While up to 85% of a wind turbine’s parts can be recycled, its blades have remained a constant thorn in the industry’s side. While that remaining 15% might not seem like a big deal, it’s worth remembering that wind turbines are behemoths, whose blades measure at least 40 meters nowadays and can weigh seven tones. We expect thousands of wind turbines to be decommissioned over the next few decades, so that translates to a lot of waste destined for landfills.
Although these blades are non-toxic and, technically speaking, safe for landfills, the lack of recycling options is seen as inherently incompatible with the wind industry’s commitment to sustainability and full circularity.
But all that may change for the better. This week, Siemens Games, one of the world’s leading wind turbine manufacturers, announced “the world’s first recyclable wind turbine blades ready for commercial use offshore,” an exciting move that may finally transition turbines close to 100% sustainability.
The company’s product, aptly dubbed RecyclableBlades, measures 81 meters (266 feet) in length and is made of composite lightweight materials cast together with a special resin. Once the blades are ready to be decommissioned at the end of their lifecycle, the resin can be separated from the components thanks to its specially designed chemical structure.
“This mild process protects the properties of the materials in the blade, in contrast to other existing ways of recycling conventional wind turbine blades,” according to a press release from Siemens Gamesa.
The first operating RecyclabeBlades are scheduled to be installed at the Kaski offshore wind power plant in Germany, a joint project with RWE Renewables that is excepted to be completed from 2022 onwards. The first six ReyclableBlades have already been manufactured at a factory in Aalborg, Denmark.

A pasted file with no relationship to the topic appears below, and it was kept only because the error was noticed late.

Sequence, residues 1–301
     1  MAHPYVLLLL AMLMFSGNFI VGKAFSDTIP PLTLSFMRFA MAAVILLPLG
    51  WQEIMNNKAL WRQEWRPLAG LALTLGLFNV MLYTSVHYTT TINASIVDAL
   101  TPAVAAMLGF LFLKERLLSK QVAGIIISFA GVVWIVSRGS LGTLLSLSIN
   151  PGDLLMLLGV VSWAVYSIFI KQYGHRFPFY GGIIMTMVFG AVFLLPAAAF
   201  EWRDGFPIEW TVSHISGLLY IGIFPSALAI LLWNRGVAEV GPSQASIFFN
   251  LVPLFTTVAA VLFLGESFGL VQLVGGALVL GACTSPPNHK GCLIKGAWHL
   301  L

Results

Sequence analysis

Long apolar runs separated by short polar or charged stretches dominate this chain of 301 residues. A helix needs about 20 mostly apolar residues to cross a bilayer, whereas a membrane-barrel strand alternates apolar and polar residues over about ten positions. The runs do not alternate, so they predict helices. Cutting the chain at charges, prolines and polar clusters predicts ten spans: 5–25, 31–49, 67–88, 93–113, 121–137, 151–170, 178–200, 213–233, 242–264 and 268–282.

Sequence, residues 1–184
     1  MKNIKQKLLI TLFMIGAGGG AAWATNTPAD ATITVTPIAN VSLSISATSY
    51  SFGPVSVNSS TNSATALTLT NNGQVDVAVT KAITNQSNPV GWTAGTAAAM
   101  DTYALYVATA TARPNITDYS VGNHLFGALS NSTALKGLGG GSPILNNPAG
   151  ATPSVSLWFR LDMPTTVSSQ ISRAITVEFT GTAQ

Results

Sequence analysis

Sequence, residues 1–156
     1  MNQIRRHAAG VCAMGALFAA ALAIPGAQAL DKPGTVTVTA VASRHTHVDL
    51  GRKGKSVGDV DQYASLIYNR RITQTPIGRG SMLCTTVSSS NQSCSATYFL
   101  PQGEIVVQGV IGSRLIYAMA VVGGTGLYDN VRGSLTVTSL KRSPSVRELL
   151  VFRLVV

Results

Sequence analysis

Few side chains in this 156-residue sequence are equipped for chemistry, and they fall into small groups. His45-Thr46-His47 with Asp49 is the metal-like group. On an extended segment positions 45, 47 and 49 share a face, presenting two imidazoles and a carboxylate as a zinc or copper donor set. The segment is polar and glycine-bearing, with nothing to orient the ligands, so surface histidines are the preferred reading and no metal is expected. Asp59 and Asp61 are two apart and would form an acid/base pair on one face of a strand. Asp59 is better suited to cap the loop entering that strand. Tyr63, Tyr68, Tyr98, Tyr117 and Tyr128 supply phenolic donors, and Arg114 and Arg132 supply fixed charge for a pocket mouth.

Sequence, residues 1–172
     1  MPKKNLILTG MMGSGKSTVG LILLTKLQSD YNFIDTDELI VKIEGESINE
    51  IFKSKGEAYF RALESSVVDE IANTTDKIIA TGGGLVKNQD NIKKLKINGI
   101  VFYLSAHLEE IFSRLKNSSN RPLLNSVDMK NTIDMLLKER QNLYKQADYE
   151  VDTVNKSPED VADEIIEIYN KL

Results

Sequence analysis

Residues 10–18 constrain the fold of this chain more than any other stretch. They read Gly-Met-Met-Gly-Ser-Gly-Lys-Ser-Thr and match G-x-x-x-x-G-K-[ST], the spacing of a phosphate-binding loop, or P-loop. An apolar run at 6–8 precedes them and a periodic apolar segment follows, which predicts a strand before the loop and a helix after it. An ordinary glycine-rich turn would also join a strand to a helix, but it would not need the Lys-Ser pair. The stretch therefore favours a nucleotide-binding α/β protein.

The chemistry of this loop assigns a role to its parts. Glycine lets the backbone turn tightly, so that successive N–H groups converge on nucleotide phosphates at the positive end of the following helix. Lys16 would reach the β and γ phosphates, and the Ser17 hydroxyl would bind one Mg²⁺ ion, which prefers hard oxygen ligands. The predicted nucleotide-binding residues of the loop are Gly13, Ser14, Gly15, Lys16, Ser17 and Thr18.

Conventional turbine blades are typically made out of a combination of balsa wood, carbon fiber, and glass, bound together by stiff resin. However, this glue is too powerful for its own good, and separating the components is very costly — to the point that isn’t economically feasible to do so.
Many wind turbines currently operating in Europe and elsewhere across the world are part of the first generation that was installed in the 1990s, and are now nearing the end of their lifetime. By 2030, as many as 6,000 individual wind turbines per year could be decommissioned, resulting in massive blade graveyards.
There’s not all that much we can do about these old blades. In some cases, they can be reused for new projects, but this is only viable for a small fraction of turbines. New technologies, such as those pioneered by Spanish startup Reciclalia, which eliminates organic matter and separates the glass and carbon fibers, are also useful.
By the end of this year, Reciclalia claims it will be able to recycle 1,500 blades a year. That’s actually pretty good, but going forward the next generation of recyclable blades will make this process a lot easier, cheaper, and hopefully cover close to 100% of newly installed wind energy projects.
Once separated from the composite material, the RecyclableBlades components won’t be suitable for new wind turbine blades as they won’t be able to withstand typhoon conditions. Instead, their technical and physical properties will make them suitable for the auto and boat industry, or even for consumer goods.
Based on estimates of new offshore wind projects, Siemens Games expects that more than 200,000 blades could now be recyclable until 2050. Other companies will likely follow suit. Vestas, another leading wind turbine manufacturer, said it aims to produce “zero-waste” turbines by 2040, while GE Renewable Energy recently signed a deal to recycle blades from onshore wind projects in the United States.
Tibi is a science journalist and co-founder of ZME Science. He writes mainly about emerging tech, physics, climate, and space. In his spare time, Tibi likes to make weird music on his computer and groom felines.